ACE Scholarship Mentor Arlene Sanchez – In Her Own Words

portrait of Arlene Sanchez
Arlene Sanchez, photo provided by Arlene Sanchez

Every year, students who are within 30 credits of graduating are invited to apply for the CUNY SPS ACE Scholarship. The scholarship provides full tuition until graduation. To be considered, students must maintain a minimum cumulative GPA of 3.0, enroll for a minimum of 6 credits, and demonstrate financial need. As part of their award requirements, ACE Scholars mentor newly-admitted undergraduate students and act as ambassadors for the school. To fulfill the duties of the scholarship each recipient writes an essay about their ACE experience. The Kiosk will be publishing these essays each Wednesday.

The following essay is by Arlene Sanchez, who is in the B.S. in Health Information Management program.


What the ACE Scholarship Meant to Me

Life leads you to interesting places—fun places and sometimes scary places. Sometimes scary situations are not scary at all, they are just challenging and push us to our limits. This is a good thing. Similar to the body when exercising, it is pushed to its current limit, but a push each day can lead to lift a few more pounds, or run one more mile, or the ability to complete one more paper by midnight.

The beginning of 2017 was a great new start. It was great to be back in my third semester of school, flexing my intellectual muscles. I was and still am determined to maintain a great GPA. I applied to the ACE Scholarship because I felt that it was a great opportunity to receive financial assistance with the added benefit of participating in a school activity. My goal is to continue my professional development in the field of Data Analytics in a master’s degree program.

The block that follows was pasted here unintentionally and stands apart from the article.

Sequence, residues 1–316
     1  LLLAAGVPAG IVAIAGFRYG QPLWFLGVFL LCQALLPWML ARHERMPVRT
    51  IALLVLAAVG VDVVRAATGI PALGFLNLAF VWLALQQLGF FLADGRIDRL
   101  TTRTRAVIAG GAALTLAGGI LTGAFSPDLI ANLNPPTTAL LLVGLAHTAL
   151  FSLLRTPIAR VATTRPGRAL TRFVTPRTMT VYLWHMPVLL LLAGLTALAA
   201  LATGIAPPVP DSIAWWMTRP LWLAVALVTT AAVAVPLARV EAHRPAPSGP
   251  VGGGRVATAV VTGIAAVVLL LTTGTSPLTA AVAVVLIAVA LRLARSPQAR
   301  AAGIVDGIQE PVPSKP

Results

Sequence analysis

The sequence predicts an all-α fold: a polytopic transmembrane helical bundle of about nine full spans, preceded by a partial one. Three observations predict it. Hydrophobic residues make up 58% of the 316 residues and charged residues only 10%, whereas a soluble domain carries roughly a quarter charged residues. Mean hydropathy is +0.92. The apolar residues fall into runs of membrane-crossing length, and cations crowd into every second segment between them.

With a career in the medical field as an Office Manager, I have been managing employees for about eleven years. It has been an interesting journey getting to know employees and learning how to motivate them to excel in their positions, as well as their life goals. Employees need to know employers care for them; yet they must also understand the management position that the manager is responsible for their performance. I found that teaching them how disciplined I was set an example for them to follow.

Growing up, I was not taught how to dress to work in an office. I remember my first manager (who later became my mentor) teaching me how to present myself and guiding me through the hoops of medical office management. This included learning how to dress, how to carry myself, and what the role of manager entails. Being a mentee gave me the best experience to become a mentor in this case. I understand the worry and fright of starting something new; the impact of realizing you know absolutely nothing and learning how to become a student once again late in life.

The honeymoon phase of the first semester is a distant memory today. 101 classes felt so easy. Now I come upon those late nights, writing a paper or reading a chapter, and I look up at the ceiling feeling so tired and depressed about getting a low grade or missing deadline for a paper and I wonder why I even started this journey in the first place.

What was I thinking? I could be sleeping. I could be out with friends! or spending time with family!

I have to go to work in the morning… but I need to finish this paper…

That moment right there, “but I need to finish,” is what I hold on to and what keeps me going. The need… the necessity… I do not want… I need to finish. I learned how to feel responsible for finishing what I started. I learned the true meaning of ‘no pain, no gain.’ Nothing will ever be as sweet as the fruits of my accomplishments. This concept I try to teach my mentees, but I start with teaching them first about discipline. Your work must be consistent to the point of habitual. It will feel easy at first, but a day will come where you feel the entire world wearing down on you. This is the true test of your will and courage; turn that want into a need and you will never let yourself down again… about anything!


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1 thought on “ACE Scholarship Mentor Arlene Sanchez – In Her Own Words”

  1. Pingback: ACE Scholarship - In her own words - Elizabeth White | The Kiosk

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